Indian police yesterday baton-charged, tear-gassed and fired water cannon at demonstrators who were demanding improved safety for women following the gang-rape of a student last weekend.
Thousands of protesters, who rallied at the India Gate monument in the heart of the capital and surged toward the president’s palace, were calling for stepped-up security for women across the country.
Angry protesters, demonstrating for a sixth day, shouted: “We want justice” as police struggled to control the crowd, with the 23-year-old victim still battling for her life in a local hospital.
Some carried banners that read: “Hang them now.”
Six drunk men were joyriding in a bus when they picked up the physiotherapy student and her 28-year-old male companion.
They took turns raping the woman before throwing the pair off the speeding vehicle.
She was attacked with an iron rod, causing serious intestinal injuries, after being raped in what was the latest in a series of violent assaults on women in the capital.
Yesterday, riot police were called in and routes leading to the protest site were cordoned off to contain the protests in which some of the demonstrators were also seen throwing stones.
Clashes erupted when a group in the crowd, made up mainly of young women and men, tried to break through police barricades and march towards the president’s house.
Doctors at the hospital where the woman was being treated said in a statement that she was in a critical but stable condition..
They described her as “very optimistic and very positive.”
The government, meanwhile, appealed for calm as outrage intensified over last Sunday’s attack on the woman.
“This is not a way to protest. Trying to storm buildings and breaking barricades is not a way to start a dialogue,” Indian Junior Home Minister R.P.N. Singh told India’s CNN-IBN television network. “The government is trying to do whatever it can to take measures and make sure that women are safe in the country.”
The government said on Friday it would press for life sentences for the woman’s six attackers and promised stricter policing. It also promised to pay the victim’s medical bills.
Ravi Shankar Prasad, spokesman for the main national opposition Bharatiya Janata Party, said New Delhi “is becoming the rape capital” of India.
The number of rape cases in New Delhi has risen 17 percent from last year to 661 this year, according to government figures. The number of rapes is triple the number reported in India’s financial capital, Mumbai.
Prasad appealed to Indian Prime Minister Manmohan Singh “to please respond to the deep sense of pain, agony and concern of the young people.”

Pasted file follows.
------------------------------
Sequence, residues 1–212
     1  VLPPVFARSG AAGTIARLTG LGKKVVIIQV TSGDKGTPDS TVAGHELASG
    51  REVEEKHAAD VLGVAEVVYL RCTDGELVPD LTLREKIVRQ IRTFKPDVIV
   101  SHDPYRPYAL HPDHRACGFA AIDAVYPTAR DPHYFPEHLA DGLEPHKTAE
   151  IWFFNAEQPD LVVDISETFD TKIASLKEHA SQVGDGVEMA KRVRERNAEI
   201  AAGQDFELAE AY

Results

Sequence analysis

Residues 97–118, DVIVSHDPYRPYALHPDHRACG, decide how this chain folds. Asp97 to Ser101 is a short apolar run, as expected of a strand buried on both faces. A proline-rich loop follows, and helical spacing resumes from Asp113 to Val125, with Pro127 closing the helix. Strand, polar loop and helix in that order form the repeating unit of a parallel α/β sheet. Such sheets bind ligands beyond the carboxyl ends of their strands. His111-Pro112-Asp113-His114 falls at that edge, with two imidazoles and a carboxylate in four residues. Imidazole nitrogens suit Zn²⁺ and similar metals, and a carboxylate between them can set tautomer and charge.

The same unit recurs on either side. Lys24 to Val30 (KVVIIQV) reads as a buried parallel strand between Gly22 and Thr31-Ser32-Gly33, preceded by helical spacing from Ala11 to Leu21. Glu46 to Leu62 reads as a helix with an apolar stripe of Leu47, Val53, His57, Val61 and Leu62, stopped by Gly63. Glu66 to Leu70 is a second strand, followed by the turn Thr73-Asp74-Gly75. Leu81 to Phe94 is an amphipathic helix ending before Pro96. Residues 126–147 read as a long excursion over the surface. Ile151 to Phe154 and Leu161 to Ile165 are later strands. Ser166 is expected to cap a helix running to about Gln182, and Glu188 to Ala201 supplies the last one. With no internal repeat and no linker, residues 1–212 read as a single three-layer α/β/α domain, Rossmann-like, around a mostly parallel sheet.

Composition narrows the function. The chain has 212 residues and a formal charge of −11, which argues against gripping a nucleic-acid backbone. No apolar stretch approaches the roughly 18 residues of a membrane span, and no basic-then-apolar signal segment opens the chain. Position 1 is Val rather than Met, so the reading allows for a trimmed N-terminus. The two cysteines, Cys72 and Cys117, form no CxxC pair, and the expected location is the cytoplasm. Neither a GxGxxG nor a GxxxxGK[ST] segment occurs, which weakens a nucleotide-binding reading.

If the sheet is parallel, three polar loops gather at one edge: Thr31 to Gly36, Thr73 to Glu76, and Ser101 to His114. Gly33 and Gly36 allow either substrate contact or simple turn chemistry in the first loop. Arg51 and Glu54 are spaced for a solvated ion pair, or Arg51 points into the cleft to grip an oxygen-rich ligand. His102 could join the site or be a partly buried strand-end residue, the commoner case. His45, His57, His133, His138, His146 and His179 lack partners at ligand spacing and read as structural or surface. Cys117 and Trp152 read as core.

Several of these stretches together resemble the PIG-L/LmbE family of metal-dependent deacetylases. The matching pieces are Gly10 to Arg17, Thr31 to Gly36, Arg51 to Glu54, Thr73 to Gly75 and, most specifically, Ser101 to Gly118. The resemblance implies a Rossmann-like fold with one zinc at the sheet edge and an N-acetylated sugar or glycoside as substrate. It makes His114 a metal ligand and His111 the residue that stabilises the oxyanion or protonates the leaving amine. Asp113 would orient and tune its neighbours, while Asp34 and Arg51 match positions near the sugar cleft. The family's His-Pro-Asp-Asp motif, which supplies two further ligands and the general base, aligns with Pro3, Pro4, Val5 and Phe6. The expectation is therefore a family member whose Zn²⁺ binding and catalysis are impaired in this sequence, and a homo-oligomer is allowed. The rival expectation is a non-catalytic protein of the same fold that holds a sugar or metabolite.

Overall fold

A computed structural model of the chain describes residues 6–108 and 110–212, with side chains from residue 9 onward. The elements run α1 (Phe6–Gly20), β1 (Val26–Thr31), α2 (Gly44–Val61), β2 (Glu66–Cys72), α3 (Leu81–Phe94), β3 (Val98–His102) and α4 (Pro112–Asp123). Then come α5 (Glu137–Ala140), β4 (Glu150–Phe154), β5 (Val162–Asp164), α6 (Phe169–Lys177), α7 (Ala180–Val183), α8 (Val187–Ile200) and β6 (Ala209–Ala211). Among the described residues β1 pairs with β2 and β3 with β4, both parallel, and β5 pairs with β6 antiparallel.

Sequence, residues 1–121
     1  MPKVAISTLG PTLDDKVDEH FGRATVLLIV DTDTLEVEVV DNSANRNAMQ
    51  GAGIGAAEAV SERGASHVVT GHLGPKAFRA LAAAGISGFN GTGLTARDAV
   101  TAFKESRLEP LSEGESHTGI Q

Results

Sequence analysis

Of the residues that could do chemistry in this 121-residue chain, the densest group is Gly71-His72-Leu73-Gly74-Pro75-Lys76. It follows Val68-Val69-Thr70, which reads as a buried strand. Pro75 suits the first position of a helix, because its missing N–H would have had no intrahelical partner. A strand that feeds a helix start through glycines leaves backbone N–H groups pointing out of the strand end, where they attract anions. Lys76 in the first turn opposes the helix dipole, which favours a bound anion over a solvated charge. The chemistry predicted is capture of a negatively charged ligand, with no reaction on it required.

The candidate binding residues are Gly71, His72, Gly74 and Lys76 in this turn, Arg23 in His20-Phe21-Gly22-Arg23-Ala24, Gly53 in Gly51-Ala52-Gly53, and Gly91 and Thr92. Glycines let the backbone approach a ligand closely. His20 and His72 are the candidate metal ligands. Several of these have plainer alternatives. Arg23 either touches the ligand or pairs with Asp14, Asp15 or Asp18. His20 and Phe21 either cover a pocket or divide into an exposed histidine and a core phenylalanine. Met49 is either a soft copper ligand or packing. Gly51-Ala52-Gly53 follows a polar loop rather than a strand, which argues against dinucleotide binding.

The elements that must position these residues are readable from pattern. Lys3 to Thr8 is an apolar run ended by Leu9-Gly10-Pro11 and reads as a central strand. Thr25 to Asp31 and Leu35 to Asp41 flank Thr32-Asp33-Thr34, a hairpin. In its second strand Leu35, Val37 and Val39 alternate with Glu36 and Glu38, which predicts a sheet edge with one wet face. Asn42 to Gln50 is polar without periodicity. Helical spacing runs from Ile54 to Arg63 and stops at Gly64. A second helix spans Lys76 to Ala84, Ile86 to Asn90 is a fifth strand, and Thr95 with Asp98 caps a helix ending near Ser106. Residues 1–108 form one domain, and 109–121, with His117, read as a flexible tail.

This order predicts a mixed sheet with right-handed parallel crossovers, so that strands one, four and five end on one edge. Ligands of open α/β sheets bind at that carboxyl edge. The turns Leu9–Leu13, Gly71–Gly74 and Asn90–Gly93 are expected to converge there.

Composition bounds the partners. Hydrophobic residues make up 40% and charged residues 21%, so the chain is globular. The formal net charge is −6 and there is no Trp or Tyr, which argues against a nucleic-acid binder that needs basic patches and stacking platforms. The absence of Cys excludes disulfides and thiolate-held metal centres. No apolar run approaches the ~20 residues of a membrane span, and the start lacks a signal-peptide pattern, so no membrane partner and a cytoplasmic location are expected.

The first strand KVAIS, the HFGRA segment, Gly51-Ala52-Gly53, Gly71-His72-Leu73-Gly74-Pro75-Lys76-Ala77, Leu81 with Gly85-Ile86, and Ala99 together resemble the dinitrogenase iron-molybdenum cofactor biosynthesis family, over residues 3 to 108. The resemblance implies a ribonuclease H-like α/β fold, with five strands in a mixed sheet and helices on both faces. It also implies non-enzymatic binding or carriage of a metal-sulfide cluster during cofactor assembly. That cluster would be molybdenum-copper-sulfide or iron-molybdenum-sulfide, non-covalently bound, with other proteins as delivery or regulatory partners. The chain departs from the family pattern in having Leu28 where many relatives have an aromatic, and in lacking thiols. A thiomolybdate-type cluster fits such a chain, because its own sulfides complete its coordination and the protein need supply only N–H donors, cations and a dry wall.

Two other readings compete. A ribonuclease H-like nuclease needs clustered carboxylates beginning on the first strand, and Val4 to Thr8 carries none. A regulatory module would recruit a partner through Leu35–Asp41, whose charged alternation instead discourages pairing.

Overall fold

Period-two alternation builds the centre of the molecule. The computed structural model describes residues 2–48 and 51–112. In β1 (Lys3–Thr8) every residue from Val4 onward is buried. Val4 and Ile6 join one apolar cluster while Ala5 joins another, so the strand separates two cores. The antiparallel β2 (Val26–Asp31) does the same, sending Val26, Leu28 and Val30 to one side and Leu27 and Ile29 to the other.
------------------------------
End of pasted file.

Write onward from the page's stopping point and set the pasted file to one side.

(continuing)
Experts say a combination of abusive sexual behavior, a scant fear of the law and India’s creaky judicial system encourage such attacks in the bustling city of 19 million people.
Five of the suspects were arrested soon after the crime and a sixth was detained on Friday.
New Delhi City Police Commissioner Neeraj Kumar, at a joint news conference with Indian Home Secretary R.K. Singh on Friday, pledged a series of measures to “make Delhi safe,” promising squads of officers would patrol the city, crack down on vehicles with darkened windows and zero in on drunken motorists.
“All hooliganism will be swiftly punished,” the home secretary added.
Hundreds of people kept a vigil outside the hospital where the woman was being treated after several rounds of surgery.
The PTI said she had been taken off a ventilator but showed early signs of infection in a “mixed response.”
Kumar said police would deploy marshals on buses which are commonly used by female commuters.
“The [policing] regime that we are going to put in place will be very, very strict,” the police commissioner said, adding public transport drivers will be forced to carry identity tags.
Singh also said the under-pressure government would take a “view” on the demands by protesters in several Indian cities for mandatory death sentences for rapists.
A parliamentary panel overseeing internal security said it would be meeting this week to review existing laws to deal with sex offenders.
New Delhi’s metro system reserves a carriage in every train for women, while several police stations in university districts have all-female staff to try and stem rising crime against women.